I do think Savile row has a very significant place in the clothing industry now and the future, its often referred to as the Mecca of tailoring as there is nowhere else in the world like it. Its used as inspiration for fashion designers, films, documentaries and every day you will see streams of tourists being guided down the road so there is obviously still interest the craft and what we do here but the main problem with fast, ‘throw away’ fashion brands moving into the row to gain some form credibility is damaging as it waters down what we do and is sometimes hard for the customer to distinguish what is truly a bespoke tailor and a well marketed high street brand. We do have a Savile row association who are trying to work with the council to safeguard the area which has traditionally been used for tailoring since the 1850’s and I personally believe there is a bright future for Savile Row and bespoke tailoring in general as long as we adapt to the changing needs of the customer.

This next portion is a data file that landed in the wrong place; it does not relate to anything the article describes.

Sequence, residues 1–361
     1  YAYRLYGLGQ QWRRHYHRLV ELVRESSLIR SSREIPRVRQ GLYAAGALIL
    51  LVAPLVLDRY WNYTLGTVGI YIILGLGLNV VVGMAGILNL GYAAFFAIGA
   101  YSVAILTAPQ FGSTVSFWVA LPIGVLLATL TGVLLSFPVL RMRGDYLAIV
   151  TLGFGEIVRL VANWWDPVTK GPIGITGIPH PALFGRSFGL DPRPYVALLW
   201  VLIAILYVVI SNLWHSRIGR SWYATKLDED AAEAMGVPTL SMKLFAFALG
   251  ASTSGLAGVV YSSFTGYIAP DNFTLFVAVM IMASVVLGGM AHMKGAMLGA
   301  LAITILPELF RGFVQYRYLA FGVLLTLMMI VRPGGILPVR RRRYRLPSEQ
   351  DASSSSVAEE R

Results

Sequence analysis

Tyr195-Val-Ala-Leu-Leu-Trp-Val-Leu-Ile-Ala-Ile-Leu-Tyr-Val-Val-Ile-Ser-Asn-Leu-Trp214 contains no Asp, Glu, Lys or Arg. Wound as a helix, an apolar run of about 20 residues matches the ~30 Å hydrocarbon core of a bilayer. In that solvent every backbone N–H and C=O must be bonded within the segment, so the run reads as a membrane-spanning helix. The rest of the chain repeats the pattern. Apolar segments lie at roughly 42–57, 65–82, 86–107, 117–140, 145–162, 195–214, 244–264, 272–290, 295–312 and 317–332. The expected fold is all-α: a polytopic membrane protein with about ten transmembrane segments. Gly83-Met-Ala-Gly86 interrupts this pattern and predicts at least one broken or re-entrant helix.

Whats more important to you style or substance?
Substance. The style is subject to taste, but when you create something of substance your own style is usually reflected somewhere in it.
And lastly, if there was one person dead or alive you could have as a client who would it be?
Jack Nicholson. The man has an effortless style about him.